Blasphemous Review: A Fun-Filled Romp Into The Grotesque

It was when we encountered a wooden monster hurling the Virgin Mary's head toward our direction, only to be followed with a power-up that was ripped from one of the six swords impaling a naked floating woman, that we realized Blasphemous was truly an experience unlike any other. The game itself, created by Developer The Game Kitchen and Publisher Team 17, takes a deep dark dive into the world of dark religious imagery, with each venue and character you meet sowing seeds of unease into your psyche. We can tell you that even once you've beaten Blasphemous, the game itself will linger in your head for days.

The term "Metroidvania" gets thrown around a lot, with a number of games these days deciding to incorporate the environments that were perfected with the likes of Castlevania: Symphony of the Night and the original Metroid series. Blasphemous manages to take on this style of gaming with impeccable controls and a solid move set for your "Penitent One" to take into battle. Armed with your trusty sword, which can be upgraded to deliver more bone-crunching moves as you progress through the several nightmare-scapes found in the game's 15-20 hour run time, you are given all the tools you need to set your own path in this expansive world, with numerous routes to take to achieve your ultimate goal.

Blasphemous
(Photo: Game Kitchen & Team 17)

The controls themselves are super responsive, giving the player a feeling of heft when controlling your sword-wielding, iron maiden mask-wearing swordsman. You'll need your lightning-fast reflexes to attempt to take down the stunningly grotesque monsters that lurk around each corner. The controls themselves, and obviously the design work, may lead gamers to think of Dark Souls and Bloodborne when platform-jumping here, and there's certainly something to be said for that.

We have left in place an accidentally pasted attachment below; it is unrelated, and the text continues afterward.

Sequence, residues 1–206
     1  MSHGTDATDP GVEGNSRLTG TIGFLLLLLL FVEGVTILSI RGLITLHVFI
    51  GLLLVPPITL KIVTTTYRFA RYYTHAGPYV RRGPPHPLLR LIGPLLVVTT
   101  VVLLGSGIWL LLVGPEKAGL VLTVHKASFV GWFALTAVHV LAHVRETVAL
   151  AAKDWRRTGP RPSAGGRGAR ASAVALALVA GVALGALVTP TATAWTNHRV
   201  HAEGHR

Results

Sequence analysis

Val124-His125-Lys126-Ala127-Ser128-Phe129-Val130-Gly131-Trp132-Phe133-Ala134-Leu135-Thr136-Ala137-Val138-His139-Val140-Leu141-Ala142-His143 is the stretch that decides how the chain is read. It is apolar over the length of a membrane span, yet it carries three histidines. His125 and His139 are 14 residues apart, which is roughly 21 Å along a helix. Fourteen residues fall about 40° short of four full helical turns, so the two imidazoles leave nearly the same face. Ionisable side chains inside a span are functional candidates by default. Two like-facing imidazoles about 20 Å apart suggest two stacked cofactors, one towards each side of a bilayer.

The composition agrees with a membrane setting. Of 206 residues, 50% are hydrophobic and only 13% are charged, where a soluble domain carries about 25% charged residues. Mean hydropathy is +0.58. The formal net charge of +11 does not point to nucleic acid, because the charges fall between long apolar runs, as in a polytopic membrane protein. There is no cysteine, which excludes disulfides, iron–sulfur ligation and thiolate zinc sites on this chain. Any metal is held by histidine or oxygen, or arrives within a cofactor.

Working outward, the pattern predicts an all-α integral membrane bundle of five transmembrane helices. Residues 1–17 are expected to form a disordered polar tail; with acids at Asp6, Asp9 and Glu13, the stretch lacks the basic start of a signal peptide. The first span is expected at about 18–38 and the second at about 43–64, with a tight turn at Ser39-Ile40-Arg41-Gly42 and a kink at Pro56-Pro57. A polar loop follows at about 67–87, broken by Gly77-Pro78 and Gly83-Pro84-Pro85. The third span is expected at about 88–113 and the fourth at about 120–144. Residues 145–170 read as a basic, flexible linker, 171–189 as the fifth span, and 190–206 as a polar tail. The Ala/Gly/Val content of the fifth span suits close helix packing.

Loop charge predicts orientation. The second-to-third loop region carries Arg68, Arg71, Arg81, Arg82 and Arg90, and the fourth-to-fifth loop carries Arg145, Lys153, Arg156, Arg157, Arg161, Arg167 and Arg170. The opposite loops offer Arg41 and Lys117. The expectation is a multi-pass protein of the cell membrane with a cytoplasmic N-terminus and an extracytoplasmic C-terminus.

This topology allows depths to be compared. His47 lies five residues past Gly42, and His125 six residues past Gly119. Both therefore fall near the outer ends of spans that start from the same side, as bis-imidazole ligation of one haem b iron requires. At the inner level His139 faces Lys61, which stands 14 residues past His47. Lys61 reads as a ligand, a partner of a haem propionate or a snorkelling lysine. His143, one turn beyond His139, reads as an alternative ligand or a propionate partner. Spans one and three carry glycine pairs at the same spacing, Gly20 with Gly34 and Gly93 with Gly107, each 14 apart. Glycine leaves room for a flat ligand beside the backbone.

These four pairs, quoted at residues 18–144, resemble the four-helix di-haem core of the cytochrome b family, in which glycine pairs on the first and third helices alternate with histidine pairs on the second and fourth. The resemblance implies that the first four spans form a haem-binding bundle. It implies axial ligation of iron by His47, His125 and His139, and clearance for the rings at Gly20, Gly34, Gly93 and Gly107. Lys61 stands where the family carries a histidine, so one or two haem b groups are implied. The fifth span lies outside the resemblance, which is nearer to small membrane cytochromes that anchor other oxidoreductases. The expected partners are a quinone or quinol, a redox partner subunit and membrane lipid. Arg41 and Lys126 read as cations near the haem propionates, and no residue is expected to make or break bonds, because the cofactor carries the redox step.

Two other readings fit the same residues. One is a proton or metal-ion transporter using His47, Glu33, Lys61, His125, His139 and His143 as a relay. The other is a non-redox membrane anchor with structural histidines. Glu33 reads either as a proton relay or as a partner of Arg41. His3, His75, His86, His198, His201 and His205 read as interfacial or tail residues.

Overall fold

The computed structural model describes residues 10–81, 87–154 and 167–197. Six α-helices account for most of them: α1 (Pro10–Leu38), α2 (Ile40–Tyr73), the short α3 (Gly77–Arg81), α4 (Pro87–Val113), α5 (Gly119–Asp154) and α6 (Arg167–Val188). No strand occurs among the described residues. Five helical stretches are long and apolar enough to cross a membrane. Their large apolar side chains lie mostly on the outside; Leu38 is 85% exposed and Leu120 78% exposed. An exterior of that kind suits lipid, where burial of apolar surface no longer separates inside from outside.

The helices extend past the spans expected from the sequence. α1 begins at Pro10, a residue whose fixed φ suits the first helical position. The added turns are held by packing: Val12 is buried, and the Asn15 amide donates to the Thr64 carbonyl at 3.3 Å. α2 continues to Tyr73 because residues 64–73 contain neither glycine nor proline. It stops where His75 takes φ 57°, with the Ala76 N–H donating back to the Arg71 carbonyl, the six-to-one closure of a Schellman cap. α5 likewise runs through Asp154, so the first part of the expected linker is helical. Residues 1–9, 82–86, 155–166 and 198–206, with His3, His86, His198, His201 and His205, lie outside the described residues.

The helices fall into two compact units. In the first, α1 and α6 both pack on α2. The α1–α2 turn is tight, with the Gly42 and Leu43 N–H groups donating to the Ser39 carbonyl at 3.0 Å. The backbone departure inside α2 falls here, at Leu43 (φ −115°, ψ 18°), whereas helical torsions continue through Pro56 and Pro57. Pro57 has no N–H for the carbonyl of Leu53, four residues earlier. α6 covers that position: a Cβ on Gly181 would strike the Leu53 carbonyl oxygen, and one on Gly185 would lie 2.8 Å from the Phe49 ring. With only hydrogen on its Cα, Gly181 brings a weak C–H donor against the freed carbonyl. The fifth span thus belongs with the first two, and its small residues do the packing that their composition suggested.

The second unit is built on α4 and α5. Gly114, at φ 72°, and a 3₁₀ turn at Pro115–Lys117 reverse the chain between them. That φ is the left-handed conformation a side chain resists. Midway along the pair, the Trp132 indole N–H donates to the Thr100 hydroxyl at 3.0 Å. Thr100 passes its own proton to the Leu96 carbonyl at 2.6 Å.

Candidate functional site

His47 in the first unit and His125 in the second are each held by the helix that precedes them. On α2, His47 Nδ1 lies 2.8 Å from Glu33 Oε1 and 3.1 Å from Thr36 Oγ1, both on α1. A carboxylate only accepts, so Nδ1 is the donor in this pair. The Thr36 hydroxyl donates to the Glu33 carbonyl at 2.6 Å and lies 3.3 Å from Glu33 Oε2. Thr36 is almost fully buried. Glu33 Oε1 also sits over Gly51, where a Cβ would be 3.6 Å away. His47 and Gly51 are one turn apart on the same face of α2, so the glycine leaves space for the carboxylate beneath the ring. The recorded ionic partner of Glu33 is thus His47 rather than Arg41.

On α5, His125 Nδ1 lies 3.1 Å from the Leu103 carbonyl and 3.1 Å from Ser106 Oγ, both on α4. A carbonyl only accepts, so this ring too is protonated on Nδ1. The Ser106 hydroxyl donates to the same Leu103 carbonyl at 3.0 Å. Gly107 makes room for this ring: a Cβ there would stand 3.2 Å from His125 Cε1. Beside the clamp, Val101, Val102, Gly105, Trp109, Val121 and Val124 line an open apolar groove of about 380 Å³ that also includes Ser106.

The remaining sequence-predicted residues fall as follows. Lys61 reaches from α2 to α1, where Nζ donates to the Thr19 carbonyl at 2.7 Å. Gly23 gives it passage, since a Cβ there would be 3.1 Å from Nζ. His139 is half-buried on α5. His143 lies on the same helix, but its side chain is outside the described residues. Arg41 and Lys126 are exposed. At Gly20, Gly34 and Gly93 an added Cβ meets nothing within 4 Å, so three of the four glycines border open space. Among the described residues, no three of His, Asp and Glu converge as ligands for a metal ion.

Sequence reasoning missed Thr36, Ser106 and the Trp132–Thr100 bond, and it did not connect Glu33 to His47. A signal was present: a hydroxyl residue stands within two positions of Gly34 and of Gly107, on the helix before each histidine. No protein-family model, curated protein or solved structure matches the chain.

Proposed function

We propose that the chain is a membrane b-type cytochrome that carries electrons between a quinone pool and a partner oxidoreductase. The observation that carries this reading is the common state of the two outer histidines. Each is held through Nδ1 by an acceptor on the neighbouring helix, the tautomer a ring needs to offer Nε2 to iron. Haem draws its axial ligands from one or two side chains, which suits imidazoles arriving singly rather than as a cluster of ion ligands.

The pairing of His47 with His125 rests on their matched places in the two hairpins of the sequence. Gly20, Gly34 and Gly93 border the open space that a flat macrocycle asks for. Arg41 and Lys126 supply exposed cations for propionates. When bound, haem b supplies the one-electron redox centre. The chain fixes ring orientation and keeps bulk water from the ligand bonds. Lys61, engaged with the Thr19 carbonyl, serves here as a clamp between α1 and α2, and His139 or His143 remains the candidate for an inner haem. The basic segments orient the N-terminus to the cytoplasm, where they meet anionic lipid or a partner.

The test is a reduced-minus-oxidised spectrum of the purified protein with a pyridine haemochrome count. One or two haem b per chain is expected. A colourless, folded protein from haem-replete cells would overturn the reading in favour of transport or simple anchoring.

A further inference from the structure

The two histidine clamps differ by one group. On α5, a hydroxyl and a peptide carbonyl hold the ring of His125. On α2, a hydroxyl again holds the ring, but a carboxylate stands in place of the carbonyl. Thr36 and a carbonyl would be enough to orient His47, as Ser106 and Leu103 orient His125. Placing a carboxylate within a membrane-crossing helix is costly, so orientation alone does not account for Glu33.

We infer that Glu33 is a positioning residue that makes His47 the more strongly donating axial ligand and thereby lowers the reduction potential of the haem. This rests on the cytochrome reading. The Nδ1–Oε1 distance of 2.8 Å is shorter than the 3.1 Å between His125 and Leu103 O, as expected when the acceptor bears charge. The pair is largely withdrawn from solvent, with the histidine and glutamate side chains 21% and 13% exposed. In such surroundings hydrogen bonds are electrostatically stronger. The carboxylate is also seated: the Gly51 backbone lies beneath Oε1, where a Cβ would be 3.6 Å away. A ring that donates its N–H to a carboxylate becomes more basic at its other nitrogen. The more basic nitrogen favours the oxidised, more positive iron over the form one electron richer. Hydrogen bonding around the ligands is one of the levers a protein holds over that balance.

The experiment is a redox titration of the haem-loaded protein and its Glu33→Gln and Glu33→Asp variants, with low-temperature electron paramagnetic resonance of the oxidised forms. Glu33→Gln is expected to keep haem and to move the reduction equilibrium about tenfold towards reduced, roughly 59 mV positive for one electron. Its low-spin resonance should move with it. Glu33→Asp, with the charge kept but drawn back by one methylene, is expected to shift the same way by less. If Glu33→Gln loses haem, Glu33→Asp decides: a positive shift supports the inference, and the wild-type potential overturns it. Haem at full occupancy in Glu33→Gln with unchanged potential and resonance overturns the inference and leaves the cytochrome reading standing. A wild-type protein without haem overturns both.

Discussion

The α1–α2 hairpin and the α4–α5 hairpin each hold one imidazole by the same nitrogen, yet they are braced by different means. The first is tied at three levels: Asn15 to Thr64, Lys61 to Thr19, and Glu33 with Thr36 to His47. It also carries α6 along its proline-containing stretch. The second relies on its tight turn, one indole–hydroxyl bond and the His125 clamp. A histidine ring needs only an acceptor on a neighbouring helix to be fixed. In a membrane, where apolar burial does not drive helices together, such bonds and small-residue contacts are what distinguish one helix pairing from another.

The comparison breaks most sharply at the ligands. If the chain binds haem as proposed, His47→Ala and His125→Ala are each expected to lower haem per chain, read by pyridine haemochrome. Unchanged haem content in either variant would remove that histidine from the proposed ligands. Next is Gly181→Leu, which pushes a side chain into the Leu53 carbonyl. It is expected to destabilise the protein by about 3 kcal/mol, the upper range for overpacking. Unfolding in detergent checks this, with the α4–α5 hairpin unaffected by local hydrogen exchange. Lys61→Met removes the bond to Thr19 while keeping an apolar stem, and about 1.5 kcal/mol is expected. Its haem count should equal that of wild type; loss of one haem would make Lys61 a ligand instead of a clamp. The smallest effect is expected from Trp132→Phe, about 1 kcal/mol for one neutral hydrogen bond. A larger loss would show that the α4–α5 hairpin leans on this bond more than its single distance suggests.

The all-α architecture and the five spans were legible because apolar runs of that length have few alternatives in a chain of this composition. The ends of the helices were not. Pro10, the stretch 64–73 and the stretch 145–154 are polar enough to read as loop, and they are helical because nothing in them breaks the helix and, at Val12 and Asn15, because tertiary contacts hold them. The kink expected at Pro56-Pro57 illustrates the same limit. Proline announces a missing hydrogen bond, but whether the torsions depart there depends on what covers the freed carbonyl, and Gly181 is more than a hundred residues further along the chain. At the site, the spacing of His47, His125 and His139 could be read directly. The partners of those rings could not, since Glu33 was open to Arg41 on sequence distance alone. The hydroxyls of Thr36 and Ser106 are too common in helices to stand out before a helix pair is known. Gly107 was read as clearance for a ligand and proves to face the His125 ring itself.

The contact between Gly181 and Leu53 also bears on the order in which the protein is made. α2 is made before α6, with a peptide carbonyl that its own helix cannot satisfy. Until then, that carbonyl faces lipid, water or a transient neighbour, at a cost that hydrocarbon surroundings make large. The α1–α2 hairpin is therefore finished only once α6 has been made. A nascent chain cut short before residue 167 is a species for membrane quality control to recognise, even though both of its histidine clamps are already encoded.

Blasphemous does not have an upgrade system in the same vein as those two former games, respectively, but manages to give players the tools they need through buying advanced skills with your sword, as well as purchasing items from a crazy merchant located in the cracks of walls. While you won't find yourself rolling to dodge an enemy's attacks, the combination of parrying and sliding from the outset is more than enough to make you feel accomplished when bringing down foes or prompting your latest "execution move".

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(Photo: Game Kitchen & Team 17)

Again though, enough cannot be said for the setting of Blasphemous. Dropping your player onto an island covered in the bodies of naked figures that bear a striking resemblance to himself, the enemies you encounter will have you doing a double-take to simply attempt to figure out what is coming after you exactly. The graphics here are reminiscent to those of a late Super Nintendo console game or perhaps an original PlayStation exclusive, but they manage to work wonders with what they have.

The graphics move at a steady clip, taking on a "less is more attitude" and managing to convey a sense of foreboding and horror even without the most detailed, three-dimensional monsters to be found. The experience of Blasphemous is a delight and fans looking for a video game that will manage to present a fair challenge can pick this one up, knowing that they'll be playing one of the most disturbing, immersive experiences in video games this year. From the bloody graphics to haunting music, Blasphemous finds its way into your nightmares and is a game begging to be replayed, thanks to its fantastic gameplay.

An excellent video gaming entry to prep you for Halloween next month!

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Rating: 5 out of 5

Blasphemous is currently available for PS4, Xbox One, PC, and Nintendo Switch.